Live from Ryder Cup: NBC Sports plays role of host

From the outside looking in the Ryder Cup may not seem like a golf event that would require a massive TV production effort. Until the final Sunday only 16 golfers are on the course at any one time (and on the final Sunday the max is 24). But the importance of the every-two-years event, which pits 12 golfers from the U.S. against 12 golfers from Europe and the need to give each continent a production that meets the needs of their viewers, requires a massive effort that includes almost 1,000 miles of fibre, 900 production staffers, more than 185 cameras, and a production compound with dozens of production trailers, trucks, and satellite vehicles.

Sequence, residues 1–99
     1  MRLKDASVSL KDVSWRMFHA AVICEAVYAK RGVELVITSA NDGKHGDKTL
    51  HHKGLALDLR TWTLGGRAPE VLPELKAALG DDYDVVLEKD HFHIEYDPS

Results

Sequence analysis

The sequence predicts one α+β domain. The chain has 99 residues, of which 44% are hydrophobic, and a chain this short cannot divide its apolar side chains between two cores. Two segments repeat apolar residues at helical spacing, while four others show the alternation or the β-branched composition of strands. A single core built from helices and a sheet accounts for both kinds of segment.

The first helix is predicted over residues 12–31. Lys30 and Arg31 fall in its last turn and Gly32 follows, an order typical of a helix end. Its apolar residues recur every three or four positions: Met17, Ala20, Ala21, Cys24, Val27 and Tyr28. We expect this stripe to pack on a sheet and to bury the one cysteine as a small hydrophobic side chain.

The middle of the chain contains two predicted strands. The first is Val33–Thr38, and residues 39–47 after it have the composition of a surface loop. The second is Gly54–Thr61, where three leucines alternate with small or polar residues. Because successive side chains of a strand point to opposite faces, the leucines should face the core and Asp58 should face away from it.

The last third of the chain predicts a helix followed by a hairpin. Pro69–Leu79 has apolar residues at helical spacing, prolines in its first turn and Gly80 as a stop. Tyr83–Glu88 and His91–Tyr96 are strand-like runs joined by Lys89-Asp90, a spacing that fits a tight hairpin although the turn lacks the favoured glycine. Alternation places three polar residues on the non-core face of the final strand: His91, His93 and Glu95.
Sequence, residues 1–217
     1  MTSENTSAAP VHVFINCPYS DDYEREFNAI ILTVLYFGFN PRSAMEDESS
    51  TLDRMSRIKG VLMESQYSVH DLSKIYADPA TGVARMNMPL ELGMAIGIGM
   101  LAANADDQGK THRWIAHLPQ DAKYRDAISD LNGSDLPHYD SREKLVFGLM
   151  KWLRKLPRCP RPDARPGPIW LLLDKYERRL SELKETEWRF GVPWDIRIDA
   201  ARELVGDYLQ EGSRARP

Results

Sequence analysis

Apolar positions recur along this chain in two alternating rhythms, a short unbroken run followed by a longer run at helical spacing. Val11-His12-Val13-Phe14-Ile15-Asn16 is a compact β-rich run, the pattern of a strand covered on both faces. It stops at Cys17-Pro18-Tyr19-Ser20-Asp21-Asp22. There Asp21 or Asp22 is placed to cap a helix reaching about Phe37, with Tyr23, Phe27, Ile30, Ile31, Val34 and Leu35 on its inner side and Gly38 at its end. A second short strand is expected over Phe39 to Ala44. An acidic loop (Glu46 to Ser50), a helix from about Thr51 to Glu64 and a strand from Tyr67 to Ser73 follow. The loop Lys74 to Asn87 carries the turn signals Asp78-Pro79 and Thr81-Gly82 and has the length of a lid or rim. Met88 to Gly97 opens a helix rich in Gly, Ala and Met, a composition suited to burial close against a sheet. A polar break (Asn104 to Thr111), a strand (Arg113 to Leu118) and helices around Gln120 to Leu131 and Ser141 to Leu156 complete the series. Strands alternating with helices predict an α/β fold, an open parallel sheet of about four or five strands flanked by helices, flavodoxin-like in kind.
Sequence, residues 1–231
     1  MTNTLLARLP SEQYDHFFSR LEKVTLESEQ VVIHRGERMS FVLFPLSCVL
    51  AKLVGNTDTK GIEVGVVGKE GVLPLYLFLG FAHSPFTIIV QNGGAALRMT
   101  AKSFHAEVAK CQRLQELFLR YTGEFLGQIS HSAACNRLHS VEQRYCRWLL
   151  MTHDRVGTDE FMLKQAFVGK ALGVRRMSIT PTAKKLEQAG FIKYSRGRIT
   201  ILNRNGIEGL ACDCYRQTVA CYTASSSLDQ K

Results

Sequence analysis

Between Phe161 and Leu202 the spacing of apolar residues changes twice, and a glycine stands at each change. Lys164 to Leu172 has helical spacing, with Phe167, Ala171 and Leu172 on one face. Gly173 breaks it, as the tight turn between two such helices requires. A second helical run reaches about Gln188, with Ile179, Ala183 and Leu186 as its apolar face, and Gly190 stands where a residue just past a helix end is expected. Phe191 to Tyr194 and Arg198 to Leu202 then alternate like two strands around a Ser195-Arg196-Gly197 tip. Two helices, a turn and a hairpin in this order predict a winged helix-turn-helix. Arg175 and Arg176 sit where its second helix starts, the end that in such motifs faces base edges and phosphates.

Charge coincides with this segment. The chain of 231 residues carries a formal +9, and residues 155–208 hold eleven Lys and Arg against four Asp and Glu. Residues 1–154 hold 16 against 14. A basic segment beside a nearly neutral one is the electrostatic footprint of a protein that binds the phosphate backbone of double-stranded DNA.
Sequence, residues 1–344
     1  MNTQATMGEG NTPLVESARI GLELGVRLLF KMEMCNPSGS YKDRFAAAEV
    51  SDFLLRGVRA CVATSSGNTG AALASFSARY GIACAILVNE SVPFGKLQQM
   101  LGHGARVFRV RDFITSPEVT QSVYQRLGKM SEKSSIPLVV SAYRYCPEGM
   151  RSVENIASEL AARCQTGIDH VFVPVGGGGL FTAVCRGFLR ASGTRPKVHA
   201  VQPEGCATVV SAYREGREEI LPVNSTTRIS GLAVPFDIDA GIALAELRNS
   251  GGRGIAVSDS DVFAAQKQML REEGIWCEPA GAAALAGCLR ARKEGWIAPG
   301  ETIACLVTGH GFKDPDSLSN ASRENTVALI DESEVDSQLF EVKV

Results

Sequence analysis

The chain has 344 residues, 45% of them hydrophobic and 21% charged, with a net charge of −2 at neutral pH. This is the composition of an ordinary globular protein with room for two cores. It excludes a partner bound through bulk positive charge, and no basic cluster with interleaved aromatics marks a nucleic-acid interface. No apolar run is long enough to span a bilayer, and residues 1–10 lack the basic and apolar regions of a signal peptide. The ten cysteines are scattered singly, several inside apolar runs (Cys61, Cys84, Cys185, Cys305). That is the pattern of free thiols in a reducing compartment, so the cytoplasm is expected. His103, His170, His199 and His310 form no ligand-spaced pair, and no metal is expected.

Ken Carpenter of NBC Sports is playing the role of host broadcaster at the 2012 Ryder Cup.

“We have fiber for pretty much everyone and if we weren’t sharing it I don’t think there would be enough fibre in existence to meet everyone’s needs,” says Ken Carpenter, technical manager for NBC Sports golf coverage. NBC utilities laid down the fibrr that is provided by CP Communications whose team then helped terminate the cable runs.